House Dem wants investigation of Trayvon Martin death

Because there might be a pony in that pile of manure somewhere, if we look hard enough.

The Hill:

Rep. Luis Gutierrez said last year's shooting death of the unarmed teenager and Saturday's verdict "undermines the rule of law, erodes community trust in law enforcement, and exemplifies just how dangerous the combination of rampant fear and easily available guns can be."

In a July 15 letter to House Judiciary Chairman Bob Goodlatte (R-Va.), the Illinois Democrat urged the panel to hold hearings on both the Martin case and gun violence in general "as soon as possible."

"When any child is gunned down and no one goes to jail, it is incumbent on lawmakers at the highest level of government to investigate whether justice has been done, whether the underlying law is just, and whether federal legislation could help avoid another tragic death like the death of Trayvon Martin," wrote Gutierrez, who sits on the Judiciary Committee. "Even as crime has gone down across the nation, fear of crime, fear of violence, and fear of fellow Americans seems to be ever increasing."

Gutierrez criticized Goodlatte and other Republicans on the Judiciary panel for failing to examine any gun-violence issues this year, and he took a separate shot at GOP leaders for recently championing legislation that would empower local authorities to enforce federal immigration laws. That move, Gutierrez warned, will only exacerbate the distrust between law enforcement and the minority populations they're charged to serve.

"We need an open discussion about how to establish and grow cooperation between the local police and all sectors of the societies they protect," he wrote.

There's so much stupidity in this letter it's hard to know what to say, but surely the notion that the committee should investigate "whether the underlying law is just"  tops the list. I would quake with fright over Rep. Gutierrez's definition of "just" as it relates to this case and further reflect on the fantastical notion of the federal government dictating to a state what standard it should set for self-defense laws. 

Gutierrez doesn't want justice. He wants a circus. Perhaps he should put on a clown suit and try out for Ringling Brothers. He certainly won't get anywhere in Congress.



Because there might be a pony in that pile of manure somewhere, if we look hard enough.

The Hill:

Rep. Luis Gutierrez said last year's shooting death of the unarmed teenager and Saturday's verdict "undermines the rule of law, erodes community trust in law enforcement, and exemplifies just how dangerous the combination of rampant fear and easily available guns can be."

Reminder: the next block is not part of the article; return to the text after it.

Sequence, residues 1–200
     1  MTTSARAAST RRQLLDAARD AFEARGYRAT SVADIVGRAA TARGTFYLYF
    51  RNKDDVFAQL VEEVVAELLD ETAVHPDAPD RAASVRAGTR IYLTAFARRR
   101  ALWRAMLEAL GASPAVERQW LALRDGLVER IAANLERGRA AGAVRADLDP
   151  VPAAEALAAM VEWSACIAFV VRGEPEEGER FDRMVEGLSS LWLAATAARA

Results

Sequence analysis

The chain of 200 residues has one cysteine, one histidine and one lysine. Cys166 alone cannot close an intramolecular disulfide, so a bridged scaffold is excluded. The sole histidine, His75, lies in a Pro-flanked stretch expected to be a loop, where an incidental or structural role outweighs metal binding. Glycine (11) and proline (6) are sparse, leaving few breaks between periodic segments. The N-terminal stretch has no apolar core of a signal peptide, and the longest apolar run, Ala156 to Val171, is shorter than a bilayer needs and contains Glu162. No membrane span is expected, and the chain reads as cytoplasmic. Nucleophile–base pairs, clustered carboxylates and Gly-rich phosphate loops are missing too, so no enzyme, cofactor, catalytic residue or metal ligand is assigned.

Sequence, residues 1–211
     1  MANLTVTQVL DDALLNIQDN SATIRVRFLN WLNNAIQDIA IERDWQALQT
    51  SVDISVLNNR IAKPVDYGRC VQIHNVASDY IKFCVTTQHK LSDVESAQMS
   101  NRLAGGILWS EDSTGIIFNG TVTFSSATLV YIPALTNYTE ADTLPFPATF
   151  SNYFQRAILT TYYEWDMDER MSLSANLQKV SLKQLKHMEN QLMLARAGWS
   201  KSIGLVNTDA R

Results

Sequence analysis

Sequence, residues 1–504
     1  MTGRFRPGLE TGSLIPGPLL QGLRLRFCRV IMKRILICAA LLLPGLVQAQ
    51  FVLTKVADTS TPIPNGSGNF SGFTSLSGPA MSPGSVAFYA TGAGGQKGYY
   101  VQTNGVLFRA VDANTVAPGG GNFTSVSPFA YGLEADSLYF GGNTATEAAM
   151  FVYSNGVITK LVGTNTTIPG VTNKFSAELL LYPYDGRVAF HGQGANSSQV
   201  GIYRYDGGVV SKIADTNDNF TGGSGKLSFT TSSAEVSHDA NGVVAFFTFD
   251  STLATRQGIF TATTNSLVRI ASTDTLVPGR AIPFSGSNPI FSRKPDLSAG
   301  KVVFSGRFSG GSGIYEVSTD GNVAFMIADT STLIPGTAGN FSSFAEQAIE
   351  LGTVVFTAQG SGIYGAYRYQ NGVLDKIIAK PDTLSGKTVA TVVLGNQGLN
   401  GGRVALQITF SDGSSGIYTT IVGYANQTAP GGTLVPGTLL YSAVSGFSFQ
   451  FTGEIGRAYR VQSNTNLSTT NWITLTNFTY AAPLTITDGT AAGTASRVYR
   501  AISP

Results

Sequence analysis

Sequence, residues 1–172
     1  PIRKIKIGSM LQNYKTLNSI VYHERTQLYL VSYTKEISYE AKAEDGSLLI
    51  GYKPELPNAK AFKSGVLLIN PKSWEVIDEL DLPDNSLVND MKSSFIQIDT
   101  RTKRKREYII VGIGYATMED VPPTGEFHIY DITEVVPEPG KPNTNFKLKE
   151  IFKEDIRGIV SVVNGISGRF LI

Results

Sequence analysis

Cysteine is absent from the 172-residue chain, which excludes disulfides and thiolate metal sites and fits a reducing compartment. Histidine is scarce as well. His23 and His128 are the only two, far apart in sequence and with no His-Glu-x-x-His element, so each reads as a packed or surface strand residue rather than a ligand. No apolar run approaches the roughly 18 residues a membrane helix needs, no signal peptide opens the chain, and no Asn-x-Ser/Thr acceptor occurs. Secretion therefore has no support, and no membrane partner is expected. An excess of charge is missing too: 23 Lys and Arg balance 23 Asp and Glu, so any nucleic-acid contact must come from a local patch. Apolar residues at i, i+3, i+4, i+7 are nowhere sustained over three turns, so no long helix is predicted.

In a July 15 letter to House Judiciary Chairman Bob Goodlatte (R-Va.), the Illinois Democrat urged the panel to hold hearings on both the Martin case and gun violence in general "as soon as possible."

"When any child is gunned down and no one goes to jail, it is incumbent on lawmakers at the highest level of government to investigate whether justice has been done, whether the underlying law is just, and whether federal legislation could help avoid another tragic death like the death of Trayvon Martin," wrote Gutierrez, who sits on the Judiciary Committee. "Even as crime has gone down across the nation, fear of crime, fear of violence, and fear of fellow Americans seems to be ever increasing."

Gutierrez criticized Goodlatte and other Republicans on the Judiciary panel for failing to examine any gun-violence issues this year, and he took a separate shot at GOP leaders for recently championing legislation that would empower local authorities to enforce federal immigration laws. That move, Gutierrez warned, will only exacerbate the distrust between law enforcement and the minority populations they're charged to serve.

"We need an open discussion about how to establish and grow cooperation between the local police and all sectors of the societies they protect," he wrote.

There's so much stupidity in this letter it's hard to know what to say, but surely the notion that the committee should investigate "whether the underlying law is just"  tops the list. I would quake with fright over Rep. Gutierrez's definition of "just" as it relates to this case and further reflect on the fantastical notion of the federal government dictating to a state what standard it should set for self-defense laws. 

Gutierrez doesn't want justice. He wants a circus. Perhaps he should put on a clown suit and try out for Ringling Brothers. He certainly won't get anywhere in Congress.



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